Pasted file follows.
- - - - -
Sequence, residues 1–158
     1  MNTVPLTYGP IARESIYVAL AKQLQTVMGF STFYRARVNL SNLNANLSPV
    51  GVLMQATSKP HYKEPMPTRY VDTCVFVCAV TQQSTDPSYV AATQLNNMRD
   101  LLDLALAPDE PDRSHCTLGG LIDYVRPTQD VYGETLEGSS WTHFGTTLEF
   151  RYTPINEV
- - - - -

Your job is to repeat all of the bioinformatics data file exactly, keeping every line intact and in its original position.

Sequence, residues 1–158
     1  MNTVPLTYGP IARESIYVAL AKQLQTVMGF STFYRARVNL SNLNANLSPV
    51  GVLMQATSKP HYKEPMPTRY VDTCVFVCAV TQQSTDPSYV AATQLNNMRD
   101  LLDLALAPDE PDRSHCTLGG LIDYVRPTQD VYGETLEGSS WTHFGTTLEF
   151  RYTPINEV